Watch Video: Interview with Bihar’s former DGP Abhayanand
In a chapter of this book titled ‘O Captain! My Captain,’ he writes how when he was told that he was going to be the next DGP of the state in August 2011 and went to meet the CM, he just made one request that he should be told frankly when he became a “political liability”; he would simply file in his papers and quit.
Even working in a state known for its caste and political intricacies, Abhayanand did what he knew best — policing, law and science — so he put them to the best use to control crime in the state, proving that unconventional ways of policing could be effective. His thrust on scientific investigation is also quite remarkable and he experimented with the law in the best possible manner to enhance the conviction rate.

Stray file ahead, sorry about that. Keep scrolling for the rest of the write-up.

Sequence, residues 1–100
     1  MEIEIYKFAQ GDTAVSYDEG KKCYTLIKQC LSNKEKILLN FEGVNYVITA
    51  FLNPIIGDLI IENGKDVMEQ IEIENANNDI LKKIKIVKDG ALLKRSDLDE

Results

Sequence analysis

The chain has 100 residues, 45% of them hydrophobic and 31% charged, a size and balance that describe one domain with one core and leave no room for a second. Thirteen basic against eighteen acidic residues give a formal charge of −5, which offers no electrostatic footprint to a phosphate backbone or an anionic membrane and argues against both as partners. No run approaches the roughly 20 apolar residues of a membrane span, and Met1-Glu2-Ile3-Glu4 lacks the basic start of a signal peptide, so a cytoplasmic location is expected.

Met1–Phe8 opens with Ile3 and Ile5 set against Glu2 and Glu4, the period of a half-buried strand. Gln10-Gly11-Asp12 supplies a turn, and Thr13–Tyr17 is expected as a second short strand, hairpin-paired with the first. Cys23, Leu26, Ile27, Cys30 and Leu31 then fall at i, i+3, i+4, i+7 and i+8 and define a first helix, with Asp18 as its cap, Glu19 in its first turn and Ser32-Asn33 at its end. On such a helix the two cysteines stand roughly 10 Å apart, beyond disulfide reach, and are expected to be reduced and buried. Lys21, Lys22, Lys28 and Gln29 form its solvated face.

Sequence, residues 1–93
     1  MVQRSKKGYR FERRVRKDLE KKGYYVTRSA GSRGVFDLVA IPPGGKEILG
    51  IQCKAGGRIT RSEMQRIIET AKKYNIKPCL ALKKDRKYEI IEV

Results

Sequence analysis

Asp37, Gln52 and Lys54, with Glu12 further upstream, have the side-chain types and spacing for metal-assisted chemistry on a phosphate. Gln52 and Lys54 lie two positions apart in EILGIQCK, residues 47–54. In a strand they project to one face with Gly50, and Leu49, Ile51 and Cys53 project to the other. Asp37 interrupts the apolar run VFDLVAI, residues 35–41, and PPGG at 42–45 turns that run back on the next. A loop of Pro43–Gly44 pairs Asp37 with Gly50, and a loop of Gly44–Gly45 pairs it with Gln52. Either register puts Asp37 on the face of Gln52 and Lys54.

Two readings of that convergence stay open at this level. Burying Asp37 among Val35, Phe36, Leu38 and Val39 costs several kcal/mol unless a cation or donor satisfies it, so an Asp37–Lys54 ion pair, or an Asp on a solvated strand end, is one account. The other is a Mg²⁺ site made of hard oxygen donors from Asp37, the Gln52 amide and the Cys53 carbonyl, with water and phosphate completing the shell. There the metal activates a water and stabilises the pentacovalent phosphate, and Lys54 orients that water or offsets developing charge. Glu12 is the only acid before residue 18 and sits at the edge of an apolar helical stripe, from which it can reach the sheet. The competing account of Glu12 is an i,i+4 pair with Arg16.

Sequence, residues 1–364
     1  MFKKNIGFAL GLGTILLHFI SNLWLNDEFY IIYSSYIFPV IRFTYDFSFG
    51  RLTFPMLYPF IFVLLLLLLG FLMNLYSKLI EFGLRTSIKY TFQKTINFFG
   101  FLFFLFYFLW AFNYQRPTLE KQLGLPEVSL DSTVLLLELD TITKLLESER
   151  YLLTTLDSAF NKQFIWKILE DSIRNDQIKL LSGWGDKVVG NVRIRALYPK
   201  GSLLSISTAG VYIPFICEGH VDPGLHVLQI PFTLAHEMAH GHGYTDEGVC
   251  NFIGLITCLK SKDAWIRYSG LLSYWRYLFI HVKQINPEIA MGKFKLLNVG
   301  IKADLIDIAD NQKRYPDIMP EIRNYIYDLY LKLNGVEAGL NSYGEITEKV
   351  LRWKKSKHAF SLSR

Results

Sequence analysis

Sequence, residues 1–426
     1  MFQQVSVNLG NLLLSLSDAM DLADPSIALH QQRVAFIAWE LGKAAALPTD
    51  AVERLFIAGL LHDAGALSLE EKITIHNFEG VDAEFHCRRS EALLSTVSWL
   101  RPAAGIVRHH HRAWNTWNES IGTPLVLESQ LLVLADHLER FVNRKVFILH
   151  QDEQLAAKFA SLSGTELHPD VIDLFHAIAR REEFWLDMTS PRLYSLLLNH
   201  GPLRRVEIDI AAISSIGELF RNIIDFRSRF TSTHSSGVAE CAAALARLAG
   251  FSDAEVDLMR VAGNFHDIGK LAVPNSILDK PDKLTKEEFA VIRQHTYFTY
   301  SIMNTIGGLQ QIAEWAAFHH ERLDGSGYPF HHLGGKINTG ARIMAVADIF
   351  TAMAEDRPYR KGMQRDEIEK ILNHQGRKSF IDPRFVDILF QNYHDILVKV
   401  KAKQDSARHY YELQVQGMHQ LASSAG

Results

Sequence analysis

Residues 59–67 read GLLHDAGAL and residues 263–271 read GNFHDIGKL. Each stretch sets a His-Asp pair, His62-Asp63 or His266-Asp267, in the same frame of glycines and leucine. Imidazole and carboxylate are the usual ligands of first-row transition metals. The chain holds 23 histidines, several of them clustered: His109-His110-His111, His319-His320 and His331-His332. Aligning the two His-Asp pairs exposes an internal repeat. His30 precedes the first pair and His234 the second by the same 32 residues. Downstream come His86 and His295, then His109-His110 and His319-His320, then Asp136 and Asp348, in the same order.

He said that he put a special emphasis on improving the standards of forensic laboratories so that police could have clinching evidence against the accused. In such a situation, the court would also not face any dilemma while awarding punishment to the accused. Now, Bihar’s forensic labs are comparable with those functioning in other states, he added.
“When science is so advanced, we should apply it during our investigation fully to ensure that the accused is finally convicted,” he said.
Abhayanand also worked hard to ensure that the accused were convicted in a short time frame as the focus was on the speedy trial of cases. It was also ensured that witnesses were produced before the courts so that the trial could move on speedily. He put a special focus on the cancellation of bails granted to criminals if they were found guilty of jumping bail and also violating the conditions.